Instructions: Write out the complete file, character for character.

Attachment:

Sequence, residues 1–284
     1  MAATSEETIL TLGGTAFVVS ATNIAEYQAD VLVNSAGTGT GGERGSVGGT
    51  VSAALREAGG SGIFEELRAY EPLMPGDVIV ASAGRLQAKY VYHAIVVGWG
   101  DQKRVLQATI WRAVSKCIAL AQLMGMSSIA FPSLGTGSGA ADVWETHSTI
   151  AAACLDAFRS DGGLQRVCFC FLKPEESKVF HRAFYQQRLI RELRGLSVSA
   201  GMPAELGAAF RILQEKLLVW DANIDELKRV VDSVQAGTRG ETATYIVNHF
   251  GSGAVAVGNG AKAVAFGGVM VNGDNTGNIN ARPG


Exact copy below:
Sequence, residues 1–284
     1  MAATSEETIL TLGGTAFVVS ATNIAEYQAD VLVNSAGTGT GGERGSVGGT
    51  VSAALREAGG SGIFEELRAY EPLMPGDVIV ASAGRLQAKY VYHAIVVGWG
   101  DQKRVLQATI WRAVSKCIAL AQLMGMSSIA FPSLGTGSGA ADVWETHSTI
   151  AAACLDAFRS DGGLQRVCFC FLKPEESKVF HRAFYQQRLI RELRGLSVSA
   201  GMPAELGAAF RILQEKLLVW DANIDELKRV VDSVQAGTRG ETATYIVNHF
   251  GSGAVAVGNG AKAVAFGGVM VNGDNTGNIN ARPG